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Greene v. Perez

United States District Court, D. New Jersey

March 19, 2019

RONALD B. GREENE, Plaintiff,
v.
MICHAEL PEREZ et al., Defendants.

          Ronald B. Greene, East Jersey State Prison Lock Bag R., Pro se

          OPINION

          WILLIAM J. MARTINI, U.S.D.J.

         THIS MATTER comes before the Court upon sua sponte review of the record. On March 30, 2018, Plaintiff, an incarcerated individual proceeding pro se, filed an amended complaint. ECF No. [58] (“SAC”). On September 21, 2018, Defendants Michael Perez and Brian Kelly moved for summary judgement on a prior complaint, ECF No. [41] (“FAC”), arguing that the Court should ignore the SAC because Plaintiff failed to file a motion to amend. ECF No. [66-2] at 4 n.3. As set forth more fully below, the Court construes ECF No. [58] as a motion to amend and GRANTS Plaintiff's motion.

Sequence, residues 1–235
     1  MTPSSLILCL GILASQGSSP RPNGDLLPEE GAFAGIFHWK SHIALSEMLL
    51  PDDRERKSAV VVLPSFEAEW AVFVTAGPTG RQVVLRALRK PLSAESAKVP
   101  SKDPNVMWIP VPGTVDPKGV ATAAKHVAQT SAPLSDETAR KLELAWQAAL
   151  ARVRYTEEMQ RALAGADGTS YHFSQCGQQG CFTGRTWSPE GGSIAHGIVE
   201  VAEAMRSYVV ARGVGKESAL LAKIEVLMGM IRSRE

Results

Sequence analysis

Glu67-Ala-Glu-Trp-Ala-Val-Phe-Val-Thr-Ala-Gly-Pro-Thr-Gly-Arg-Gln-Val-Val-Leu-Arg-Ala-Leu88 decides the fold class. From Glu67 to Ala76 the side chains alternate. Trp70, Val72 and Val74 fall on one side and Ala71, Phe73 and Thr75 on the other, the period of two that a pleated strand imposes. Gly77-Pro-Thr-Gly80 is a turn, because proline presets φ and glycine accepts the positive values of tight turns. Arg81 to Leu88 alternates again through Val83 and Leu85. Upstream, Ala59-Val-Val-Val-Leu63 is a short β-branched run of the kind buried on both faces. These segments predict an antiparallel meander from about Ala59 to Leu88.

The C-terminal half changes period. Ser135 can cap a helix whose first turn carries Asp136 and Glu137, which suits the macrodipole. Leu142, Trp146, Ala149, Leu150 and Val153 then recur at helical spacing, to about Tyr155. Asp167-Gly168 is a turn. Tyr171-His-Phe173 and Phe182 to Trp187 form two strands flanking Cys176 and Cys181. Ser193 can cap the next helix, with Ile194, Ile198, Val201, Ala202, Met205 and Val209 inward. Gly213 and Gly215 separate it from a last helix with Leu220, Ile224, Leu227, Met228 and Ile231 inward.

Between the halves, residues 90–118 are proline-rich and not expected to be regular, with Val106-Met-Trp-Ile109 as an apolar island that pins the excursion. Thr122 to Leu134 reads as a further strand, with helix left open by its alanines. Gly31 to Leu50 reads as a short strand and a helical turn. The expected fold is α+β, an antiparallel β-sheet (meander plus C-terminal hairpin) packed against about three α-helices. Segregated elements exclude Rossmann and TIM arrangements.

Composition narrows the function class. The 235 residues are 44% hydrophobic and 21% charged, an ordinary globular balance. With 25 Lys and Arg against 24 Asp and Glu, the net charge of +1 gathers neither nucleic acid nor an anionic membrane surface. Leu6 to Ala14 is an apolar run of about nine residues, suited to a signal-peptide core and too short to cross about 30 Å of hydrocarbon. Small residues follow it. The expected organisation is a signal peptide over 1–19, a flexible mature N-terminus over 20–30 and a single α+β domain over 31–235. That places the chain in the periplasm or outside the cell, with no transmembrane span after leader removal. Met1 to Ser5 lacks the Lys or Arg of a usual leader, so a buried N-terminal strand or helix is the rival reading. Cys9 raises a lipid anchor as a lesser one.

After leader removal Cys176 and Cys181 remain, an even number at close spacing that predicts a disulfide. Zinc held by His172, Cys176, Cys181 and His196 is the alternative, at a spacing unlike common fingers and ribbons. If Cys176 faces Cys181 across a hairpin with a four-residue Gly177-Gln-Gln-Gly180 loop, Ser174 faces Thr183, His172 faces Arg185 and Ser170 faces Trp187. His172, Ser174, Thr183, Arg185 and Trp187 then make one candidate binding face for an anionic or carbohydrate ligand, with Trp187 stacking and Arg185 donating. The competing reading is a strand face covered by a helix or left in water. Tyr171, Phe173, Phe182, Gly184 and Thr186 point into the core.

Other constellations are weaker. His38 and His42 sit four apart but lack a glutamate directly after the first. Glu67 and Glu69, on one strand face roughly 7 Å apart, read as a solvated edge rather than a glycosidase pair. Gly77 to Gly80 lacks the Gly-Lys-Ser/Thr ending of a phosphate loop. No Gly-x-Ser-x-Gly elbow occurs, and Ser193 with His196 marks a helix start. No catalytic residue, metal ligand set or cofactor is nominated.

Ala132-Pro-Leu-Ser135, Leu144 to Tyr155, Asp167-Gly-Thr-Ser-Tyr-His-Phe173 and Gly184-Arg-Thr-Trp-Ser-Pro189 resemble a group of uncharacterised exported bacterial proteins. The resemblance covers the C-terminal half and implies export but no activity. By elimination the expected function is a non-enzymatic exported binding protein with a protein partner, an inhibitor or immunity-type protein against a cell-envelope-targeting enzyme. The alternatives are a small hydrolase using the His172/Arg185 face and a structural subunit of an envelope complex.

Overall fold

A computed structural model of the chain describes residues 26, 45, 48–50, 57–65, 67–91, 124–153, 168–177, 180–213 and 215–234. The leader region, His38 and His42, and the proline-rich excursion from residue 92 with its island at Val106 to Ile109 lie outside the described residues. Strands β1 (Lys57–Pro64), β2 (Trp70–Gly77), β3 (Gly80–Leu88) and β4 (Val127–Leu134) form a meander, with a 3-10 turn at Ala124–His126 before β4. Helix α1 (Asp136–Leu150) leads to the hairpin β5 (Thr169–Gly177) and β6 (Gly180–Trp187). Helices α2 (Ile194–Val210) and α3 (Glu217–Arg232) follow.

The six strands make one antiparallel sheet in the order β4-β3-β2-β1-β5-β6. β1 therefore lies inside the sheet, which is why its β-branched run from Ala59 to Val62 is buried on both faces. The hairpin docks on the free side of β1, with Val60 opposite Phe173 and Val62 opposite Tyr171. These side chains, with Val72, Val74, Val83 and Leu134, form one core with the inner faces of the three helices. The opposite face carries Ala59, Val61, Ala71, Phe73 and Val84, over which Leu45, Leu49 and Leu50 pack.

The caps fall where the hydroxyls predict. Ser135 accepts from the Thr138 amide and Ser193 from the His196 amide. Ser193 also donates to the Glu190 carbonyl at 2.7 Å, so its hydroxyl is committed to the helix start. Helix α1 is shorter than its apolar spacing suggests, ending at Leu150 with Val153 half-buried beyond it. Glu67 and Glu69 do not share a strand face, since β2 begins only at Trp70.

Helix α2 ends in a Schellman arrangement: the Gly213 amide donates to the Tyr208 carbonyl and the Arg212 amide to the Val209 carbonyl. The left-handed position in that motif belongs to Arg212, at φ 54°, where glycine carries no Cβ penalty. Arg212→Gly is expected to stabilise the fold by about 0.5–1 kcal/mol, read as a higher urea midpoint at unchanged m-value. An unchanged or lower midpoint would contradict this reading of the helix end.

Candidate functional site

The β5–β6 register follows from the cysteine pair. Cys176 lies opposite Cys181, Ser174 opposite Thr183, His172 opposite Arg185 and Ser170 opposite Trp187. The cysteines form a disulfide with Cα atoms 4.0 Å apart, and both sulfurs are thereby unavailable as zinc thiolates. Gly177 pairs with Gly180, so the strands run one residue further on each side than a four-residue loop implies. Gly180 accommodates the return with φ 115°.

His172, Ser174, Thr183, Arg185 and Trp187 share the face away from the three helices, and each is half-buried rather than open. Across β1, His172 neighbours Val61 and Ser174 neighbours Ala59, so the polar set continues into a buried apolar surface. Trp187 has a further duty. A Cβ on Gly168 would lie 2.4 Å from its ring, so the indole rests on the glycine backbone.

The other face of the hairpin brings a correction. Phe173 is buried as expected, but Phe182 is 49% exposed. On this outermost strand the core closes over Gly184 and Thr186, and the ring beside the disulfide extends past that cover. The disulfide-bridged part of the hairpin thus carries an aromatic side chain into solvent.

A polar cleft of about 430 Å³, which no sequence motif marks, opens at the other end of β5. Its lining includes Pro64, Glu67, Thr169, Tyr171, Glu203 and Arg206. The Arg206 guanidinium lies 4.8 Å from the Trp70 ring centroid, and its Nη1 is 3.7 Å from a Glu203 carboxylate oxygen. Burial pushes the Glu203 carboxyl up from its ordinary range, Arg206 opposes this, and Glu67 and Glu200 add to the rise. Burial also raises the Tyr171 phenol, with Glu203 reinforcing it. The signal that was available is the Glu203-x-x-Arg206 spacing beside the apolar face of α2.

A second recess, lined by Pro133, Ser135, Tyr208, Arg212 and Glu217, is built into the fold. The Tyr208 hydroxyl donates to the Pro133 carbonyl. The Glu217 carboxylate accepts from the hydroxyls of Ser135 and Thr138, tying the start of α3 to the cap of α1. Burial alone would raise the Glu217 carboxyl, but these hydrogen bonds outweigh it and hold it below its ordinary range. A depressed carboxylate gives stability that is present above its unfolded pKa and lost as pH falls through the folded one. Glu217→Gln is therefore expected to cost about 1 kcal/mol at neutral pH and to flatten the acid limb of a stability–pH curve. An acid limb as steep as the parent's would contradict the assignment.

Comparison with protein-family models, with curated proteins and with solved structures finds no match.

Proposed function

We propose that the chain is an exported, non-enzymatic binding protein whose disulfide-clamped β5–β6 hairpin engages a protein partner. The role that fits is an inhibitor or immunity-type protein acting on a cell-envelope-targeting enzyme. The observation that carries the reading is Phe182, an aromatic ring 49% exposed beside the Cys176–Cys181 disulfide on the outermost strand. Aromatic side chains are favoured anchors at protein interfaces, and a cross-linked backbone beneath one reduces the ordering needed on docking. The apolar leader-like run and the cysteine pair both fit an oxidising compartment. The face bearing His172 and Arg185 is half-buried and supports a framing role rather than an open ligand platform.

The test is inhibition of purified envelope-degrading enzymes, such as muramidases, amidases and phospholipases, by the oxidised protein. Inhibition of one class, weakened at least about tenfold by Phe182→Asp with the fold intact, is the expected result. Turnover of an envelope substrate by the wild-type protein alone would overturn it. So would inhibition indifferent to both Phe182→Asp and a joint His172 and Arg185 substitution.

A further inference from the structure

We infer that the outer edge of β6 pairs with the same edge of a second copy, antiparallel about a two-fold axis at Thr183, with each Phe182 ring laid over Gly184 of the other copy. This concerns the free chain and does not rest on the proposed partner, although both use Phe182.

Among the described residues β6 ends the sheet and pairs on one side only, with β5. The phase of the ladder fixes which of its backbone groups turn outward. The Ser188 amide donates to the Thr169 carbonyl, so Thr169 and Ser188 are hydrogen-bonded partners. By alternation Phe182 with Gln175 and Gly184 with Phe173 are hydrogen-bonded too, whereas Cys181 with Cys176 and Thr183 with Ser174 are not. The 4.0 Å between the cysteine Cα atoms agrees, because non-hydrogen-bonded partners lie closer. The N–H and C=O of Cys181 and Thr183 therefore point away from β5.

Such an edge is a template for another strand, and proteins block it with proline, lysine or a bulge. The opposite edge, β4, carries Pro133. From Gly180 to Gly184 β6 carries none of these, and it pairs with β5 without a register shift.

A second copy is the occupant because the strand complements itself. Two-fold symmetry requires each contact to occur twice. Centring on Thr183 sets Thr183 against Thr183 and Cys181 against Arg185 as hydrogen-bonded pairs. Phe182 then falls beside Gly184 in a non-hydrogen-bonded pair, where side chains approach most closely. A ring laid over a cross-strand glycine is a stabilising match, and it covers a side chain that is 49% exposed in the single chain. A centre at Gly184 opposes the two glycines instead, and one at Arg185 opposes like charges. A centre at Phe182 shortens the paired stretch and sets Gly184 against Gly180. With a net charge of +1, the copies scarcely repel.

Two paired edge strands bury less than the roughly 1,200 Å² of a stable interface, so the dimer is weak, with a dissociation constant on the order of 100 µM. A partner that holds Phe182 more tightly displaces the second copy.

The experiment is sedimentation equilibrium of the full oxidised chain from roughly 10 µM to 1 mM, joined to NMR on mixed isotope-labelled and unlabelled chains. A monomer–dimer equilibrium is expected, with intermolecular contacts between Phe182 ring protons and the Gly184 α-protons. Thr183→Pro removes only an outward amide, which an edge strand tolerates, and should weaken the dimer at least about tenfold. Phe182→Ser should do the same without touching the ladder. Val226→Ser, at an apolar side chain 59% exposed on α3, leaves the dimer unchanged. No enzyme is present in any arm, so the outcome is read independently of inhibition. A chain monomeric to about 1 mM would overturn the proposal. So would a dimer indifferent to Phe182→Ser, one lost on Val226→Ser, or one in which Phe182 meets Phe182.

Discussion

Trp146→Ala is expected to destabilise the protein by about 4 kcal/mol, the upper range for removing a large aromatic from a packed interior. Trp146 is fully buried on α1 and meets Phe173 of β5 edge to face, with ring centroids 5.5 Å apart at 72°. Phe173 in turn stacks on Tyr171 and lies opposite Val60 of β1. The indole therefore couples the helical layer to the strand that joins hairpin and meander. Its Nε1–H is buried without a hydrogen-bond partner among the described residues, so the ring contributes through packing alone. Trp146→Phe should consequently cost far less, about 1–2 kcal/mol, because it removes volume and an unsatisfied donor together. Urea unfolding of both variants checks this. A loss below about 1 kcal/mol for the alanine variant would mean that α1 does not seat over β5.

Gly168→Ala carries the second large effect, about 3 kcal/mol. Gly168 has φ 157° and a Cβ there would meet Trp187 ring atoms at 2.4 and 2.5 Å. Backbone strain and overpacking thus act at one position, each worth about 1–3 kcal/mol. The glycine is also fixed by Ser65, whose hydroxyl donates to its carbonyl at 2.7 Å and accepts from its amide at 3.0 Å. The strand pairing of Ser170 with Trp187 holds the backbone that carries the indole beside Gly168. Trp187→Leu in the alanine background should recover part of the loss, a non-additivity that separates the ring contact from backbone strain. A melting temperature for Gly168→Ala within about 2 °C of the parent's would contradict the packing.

I. BACKGROUND

         Plaintiff filed his complaint, ECF No. [1], on September 13, 2013 alleging claims under 28 U.S.C. § 1983 against fifteen officers and detectives of the Bergen County Prosecutor's Office, including a “John Doe #1.” After several delays related to service, the named defendants were served by the U.S. Marshals Service on April 15, 2015. See ECF Nos. [13] & [14]. Although responses were due on May 6, 2015 to the complaint, no defendant responded. Eventually, after Plaintiff moved for default, ECF No. [17], the New Jersey Attorney General's Office filed notices of appearance on behalf of the defendants, including five officers relevant to this Motion: Perez, Kelly, Valdivia, Dombroski, and Zablocki. ECF Nos. [16-1], [18], [19], [20], [21] & [23].